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The Reflector

The Student Newspaper of Mississippi State University

The Reflector

The Student Newspaper of Mississippi State University

The Reflector

Cedric Burnside Project sings the blues at Dave’s

As the birthplace of the blues, Mississippi and its people have a special heart for blues music. Friday, Dave’s Dark Horse Tavern will host a blues protégé in concert. Mississippi Hill Country Blues musician Cedric Burnside will fill Dave’s with his soulful tunes. 

Burnside was raised in Philadelphia, Miss., by his grandfather, blues legend R.L. Burnside. As a result, Cedric Burnside is a product of the Delta blues culture. R.L. Burnside, better known as “Big Daddy,” was a vital member of a very specific type of blues music: North Mississippi Hill Country Blues. In a TV interview with Ty Pennington, Cedric Burnside said the heritage of blues music has pervaded his life.  

“I was a blues baby, a blues kid and now I’m a blues man,” he said. 

At the age of seven, Cedric Burnside picked up the drums and later began to strum the guitar. By the age of 13, Cedric Burnside was touring and  can recall memorable experiences from his time on the road. He said his underage status gave him trouble when law enforcement disbanded shows. 

“I also remember playing some juke joints, and the police would show up. They would have to hide us, me and my uncles,” he said. “We were underage, and we were the band also.” 

Due to his deep musical background, Cedric Burnside’s tunes pull from a wide range of musical genres and styles. Both R. L. Burnside and R. L.’s close friend, Junior Kimbrough, are two of the largest influences on Cedric Burnside’s music. 

William Harris, sophomore anthropology major at Mississippi State University, has experience working with blues archives. Harris spent his winter break archiving large volumes of work by the Burnside and Kimbrough families at the Blues Archive section of Special Collections J.D. Williams Memorial Library at the University of Mississippi. 

Harris said Cedric Burnside’s music stems directly from the blues his grandfather played.

“This is the music he was raised with and grew up playing,” he said.  

In the interview with Pennington, Cedric Burnside even said his grandfather inspired him “to the fullest.” 

Harris said Cedric Burnside’s musical style draws from his heritage but also pulls together multiple influences to create an amalgamated sound.   

“His music incorporates the droning electric blues-boogie dance rhythms of Mississippi blues with other genres like funk and soul,” he said. 

Harris said Cedric Burnside’s patchwork sound was a groundbreaking move for a blues artist.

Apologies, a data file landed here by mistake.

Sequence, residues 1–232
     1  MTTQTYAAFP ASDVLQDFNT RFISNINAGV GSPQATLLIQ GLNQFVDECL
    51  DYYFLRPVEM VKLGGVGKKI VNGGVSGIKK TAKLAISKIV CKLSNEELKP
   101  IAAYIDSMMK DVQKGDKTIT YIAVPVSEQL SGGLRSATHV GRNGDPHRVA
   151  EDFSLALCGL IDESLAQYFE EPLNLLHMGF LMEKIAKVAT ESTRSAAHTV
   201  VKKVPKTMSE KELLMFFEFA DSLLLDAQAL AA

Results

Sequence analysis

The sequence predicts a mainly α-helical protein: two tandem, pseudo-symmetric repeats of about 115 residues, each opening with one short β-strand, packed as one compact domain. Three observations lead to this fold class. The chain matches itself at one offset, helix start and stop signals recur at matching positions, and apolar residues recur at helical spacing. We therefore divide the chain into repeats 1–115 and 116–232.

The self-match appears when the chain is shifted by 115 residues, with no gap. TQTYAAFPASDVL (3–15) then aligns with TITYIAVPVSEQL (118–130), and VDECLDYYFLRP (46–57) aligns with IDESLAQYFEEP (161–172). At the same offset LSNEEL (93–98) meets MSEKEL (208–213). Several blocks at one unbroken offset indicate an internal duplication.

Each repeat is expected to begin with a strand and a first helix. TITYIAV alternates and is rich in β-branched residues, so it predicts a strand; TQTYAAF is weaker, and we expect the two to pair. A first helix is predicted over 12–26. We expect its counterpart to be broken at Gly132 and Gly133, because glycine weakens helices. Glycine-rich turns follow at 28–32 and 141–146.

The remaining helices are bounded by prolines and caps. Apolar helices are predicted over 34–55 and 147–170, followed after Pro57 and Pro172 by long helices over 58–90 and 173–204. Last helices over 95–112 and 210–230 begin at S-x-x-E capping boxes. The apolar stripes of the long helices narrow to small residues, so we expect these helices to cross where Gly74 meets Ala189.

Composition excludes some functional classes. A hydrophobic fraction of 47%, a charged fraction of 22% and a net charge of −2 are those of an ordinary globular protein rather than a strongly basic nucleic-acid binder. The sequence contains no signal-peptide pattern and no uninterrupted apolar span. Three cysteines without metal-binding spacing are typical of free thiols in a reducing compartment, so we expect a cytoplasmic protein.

“He took a more innovative turn by adding his own components from other styles, including soul, funk and hard rock, hoping to form a sound of his own,” he said. 

Harris believes this is what helps Cedric Burnside maintain the interest of younger audiences while still holding to the traditions of Blues music. 

Pennington also points to the youthful sounds of Cedric Burnside and notes he is “sort of the younger generation of the blues.” 

Cedric Burnside’s music, while innovative, includes a serious attention to craft. Cedric Burnside said he focuses on his music above all else. 

“That’s my heart and soul,” Burnside said.  

This passion translates to Burnside’s live performances. 

Kerry Bayhi, Cedric Burnside’s manager, said Burnside naturally shines onstage. 

“The best way to see or listen to Cedric is live,” he said. “He has an unbridled energy and love for the music he plays.” 

David Hood, owner of Dave’s Dark Horse Tavern, said Cedric’s drumming, as well as his guitar playing, mark him as one of Mississippi’s finest musicians. Hood said he has high hopes for Friday’s performance. 

“Cedric may be the best drummer this state has produced, and he is one hell of a guitar player,” he said. “(He) always gets people on their feet, and I expect the same Friday night.”

Harris said attendees can expect a fun and intense atmosphere.

Friday’s performance will serve the same function that Harris said the blues has served since its inception — to bring joy and fraternity to those who lend a listening ear. 

“The style of music that Cedric plays has been used to bring together communities for years and was designed specifically for people to have a good time,” he said. 



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Cedric Burnside Project sings the blues at Dave’s